We need to learn how describe patent infringement in a similar way; that patent infringement is similarly harmful. It’s just done in a little less obvious manner. But fundamentally, both are forms of theft that are deeply corrosive to innovation in this country.

MARTIN: The Biden administration has taken a number of steps to constrain American innovators. I’m going to run through a couple of them, and then maybe you can broadly comment. First, waiving the TRIPS agreements, you know, IP restrictions, five-year protections of COVID vaccines.

Second, Bayh-Dole with the march-in. And, third, whether you’re talking about standard essential patents, pharma patents, patents in emerging technology, the current administration say out loud that they are trying to reduce IP rights and impose price controls.  So what do we do about this?

KILEY: Well, I think that these things have the potential to be really, really harmful when it comes to the development of life-saving drugs; when it comes to collaboration with universities and research institutes, and a whole host of other things. And we’re fighting back against each of these however we can. I’ll add another to the list, by the way, which is, there’s some sign that there’s now ideological considerations going into the operation of patent examiners.

It was recently discovered that a patent examiner posted on Reddit that he was considering denying a patent because it was used by an Israeli weapons manufacturer. And so, I wrote a letter to the head of the PTO, along with Daryl Issa and Thom Tillis, that said, we need to get some assurance that we’re actually following the law here, not just throwing out patents because we don’t like what they might be used for.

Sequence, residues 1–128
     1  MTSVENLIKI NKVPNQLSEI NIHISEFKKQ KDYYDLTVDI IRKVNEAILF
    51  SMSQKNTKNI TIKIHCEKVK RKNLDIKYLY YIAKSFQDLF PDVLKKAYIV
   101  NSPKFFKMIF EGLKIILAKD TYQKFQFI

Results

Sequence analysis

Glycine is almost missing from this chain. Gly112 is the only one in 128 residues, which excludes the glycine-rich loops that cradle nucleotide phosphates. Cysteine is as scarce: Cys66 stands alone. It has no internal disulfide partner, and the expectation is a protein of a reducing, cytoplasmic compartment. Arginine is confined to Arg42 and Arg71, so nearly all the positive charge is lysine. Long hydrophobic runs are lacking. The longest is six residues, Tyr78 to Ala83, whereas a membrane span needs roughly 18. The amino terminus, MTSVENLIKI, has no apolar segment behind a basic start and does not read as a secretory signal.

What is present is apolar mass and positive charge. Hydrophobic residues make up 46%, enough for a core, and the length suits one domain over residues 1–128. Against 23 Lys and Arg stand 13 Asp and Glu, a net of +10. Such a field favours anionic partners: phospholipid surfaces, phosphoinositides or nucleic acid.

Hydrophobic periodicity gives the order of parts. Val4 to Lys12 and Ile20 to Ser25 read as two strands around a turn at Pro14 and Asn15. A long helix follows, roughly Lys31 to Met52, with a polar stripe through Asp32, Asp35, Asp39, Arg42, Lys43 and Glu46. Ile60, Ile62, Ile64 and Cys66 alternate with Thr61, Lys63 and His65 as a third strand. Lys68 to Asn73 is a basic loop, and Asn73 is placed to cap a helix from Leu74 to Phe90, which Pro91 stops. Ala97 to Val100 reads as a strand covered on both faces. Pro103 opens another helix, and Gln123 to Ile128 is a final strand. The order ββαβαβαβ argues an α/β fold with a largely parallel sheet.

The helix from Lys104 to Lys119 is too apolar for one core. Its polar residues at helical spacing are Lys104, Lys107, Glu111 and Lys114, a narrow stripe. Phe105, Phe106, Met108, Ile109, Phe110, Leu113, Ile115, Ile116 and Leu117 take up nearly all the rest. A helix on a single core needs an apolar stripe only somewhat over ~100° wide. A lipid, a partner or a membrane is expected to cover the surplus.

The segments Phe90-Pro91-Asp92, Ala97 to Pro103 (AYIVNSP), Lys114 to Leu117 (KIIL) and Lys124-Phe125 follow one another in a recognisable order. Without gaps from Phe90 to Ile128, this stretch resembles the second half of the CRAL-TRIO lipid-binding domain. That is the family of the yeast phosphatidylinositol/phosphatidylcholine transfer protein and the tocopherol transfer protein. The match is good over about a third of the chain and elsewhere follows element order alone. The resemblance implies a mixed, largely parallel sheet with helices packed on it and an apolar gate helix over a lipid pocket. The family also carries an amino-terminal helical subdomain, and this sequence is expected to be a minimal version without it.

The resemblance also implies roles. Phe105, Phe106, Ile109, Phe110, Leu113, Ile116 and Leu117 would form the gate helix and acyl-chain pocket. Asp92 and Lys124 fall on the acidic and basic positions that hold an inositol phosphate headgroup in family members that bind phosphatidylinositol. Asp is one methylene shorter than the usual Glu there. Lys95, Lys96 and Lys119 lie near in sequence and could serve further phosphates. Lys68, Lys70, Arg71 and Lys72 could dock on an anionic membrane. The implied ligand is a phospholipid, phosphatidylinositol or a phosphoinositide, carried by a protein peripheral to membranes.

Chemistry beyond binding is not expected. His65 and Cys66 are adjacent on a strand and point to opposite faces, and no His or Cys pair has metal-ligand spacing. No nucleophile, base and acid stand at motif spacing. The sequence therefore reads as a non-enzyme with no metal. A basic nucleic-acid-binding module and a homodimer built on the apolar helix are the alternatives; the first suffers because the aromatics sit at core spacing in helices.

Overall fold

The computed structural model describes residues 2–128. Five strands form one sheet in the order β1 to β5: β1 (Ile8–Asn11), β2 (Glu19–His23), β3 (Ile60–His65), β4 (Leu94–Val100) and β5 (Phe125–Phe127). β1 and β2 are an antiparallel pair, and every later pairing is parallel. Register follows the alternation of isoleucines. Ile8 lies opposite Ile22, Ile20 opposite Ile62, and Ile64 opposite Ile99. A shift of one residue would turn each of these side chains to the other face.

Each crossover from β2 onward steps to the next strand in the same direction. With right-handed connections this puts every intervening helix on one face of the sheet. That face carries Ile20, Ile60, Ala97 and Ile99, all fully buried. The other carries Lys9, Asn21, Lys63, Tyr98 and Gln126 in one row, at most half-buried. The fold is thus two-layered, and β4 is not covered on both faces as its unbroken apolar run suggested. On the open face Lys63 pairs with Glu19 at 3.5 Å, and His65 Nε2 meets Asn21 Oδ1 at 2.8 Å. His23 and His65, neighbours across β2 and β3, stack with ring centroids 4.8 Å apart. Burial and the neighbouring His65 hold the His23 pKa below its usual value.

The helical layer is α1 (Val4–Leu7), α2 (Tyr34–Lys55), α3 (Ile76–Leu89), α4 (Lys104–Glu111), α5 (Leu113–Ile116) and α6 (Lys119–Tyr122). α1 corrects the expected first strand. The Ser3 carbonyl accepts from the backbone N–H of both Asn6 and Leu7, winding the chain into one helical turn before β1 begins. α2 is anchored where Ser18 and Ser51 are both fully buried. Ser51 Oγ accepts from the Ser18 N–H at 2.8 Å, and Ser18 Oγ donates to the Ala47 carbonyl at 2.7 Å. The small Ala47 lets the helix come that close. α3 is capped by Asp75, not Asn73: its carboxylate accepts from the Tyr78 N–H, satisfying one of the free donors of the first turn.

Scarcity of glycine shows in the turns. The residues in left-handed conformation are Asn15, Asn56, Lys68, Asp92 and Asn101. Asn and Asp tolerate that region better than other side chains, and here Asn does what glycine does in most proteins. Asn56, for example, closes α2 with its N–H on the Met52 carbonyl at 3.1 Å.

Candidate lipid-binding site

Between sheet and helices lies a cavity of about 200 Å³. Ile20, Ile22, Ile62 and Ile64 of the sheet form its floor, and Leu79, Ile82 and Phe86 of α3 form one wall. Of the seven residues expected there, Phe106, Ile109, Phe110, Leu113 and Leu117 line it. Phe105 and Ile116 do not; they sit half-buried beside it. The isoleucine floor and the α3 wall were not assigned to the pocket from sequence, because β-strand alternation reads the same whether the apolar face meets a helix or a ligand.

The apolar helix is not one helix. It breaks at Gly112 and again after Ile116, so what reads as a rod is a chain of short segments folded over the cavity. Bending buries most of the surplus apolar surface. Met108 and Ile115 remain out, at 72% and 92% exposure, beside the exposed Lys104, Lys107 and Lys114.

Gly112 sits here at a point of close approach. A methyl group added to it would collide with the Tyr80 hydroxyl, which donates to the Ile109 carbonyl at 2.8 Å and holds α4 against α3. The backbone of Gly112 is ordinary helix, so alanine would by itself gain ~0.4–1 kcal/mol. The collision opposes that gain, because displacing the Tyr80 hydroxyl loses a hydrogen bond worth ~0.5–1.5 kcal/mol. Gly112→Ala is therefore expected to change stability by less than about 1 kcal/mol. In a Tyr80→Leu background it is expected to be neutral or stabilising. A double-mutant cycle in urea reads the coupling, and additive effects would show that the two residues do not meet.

MARTIN: What about some of the existing patent bills that are out there, such as the Prevail Act.  Where do you see that playing field, and where do you see the best ways to influence what’s going on?

KILEY: I think that it’s a heavy lift to get any meaningful reform of the PTAB done right now.  Certainly, I’d like to see that and that’s not to say that it can’t change. I’m also currently working on PERA, the Patent Eligibility Reform Act, and we’re going to be introducing the House companion bill on that.  But I think it’s understood that this is not something that’s going to become law this term. So, we’re trying to socialize the idea.  We’ve had a lot of conversations about it, and we’re trying to figure out how best to move it forward. But they did have a hearing on it over in the Senate earlier this year, I think.

So, we’re making progress. But as we heard in our keynote address, this is a vitally important issue. And it’s served to really hold back innovation in a lot of emerging fields.  And that’s very problematic.

MARTIN: Last question. How can we help you convince your colleagues to understand that this issue is so important and that the patent system is so vital?

KILEY: I think the stories of the inventors are really compelling. I have so much admiration for people who are out there creating things that advance science and technology and serve to benefit humanity, and that make our country stronger. And, when you hear the stories about inventors who’ve struggled for years and years and even though they didn’t have a lot of money, put everything they had into their idea and eventually go through the process of commercializing it, just to have it cut out from under them, based upon the forfeiture of their property, rights? I think that that is something that really resonates with people. I think that telling those stories is really important, as well as tying them into these macro issues we’ve been discussing; the overall health and competitiveness of the U.S. economy, and certainly our competitiveness vis-a-vis China.

MARTIN: Well, on behalf of everybody here, anything we can do to help you, especially when you’re talking to your colleagues about how to understand this topic, we’d love to do. And we appreciate you very much and your interest in this issue, your history, and your willingness to understand it.  So, thank you for being here with us and we are really grateful.

KILEY: Absolutely. You’re welcome and thank you for all you do!


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  • [Avatar for Brent]
    June 11, 2024 11:30 am

    Is there a typo in the transcript? Is PERA the Patent Eligibility Restoration Act? Or is there a different PERA floating out there?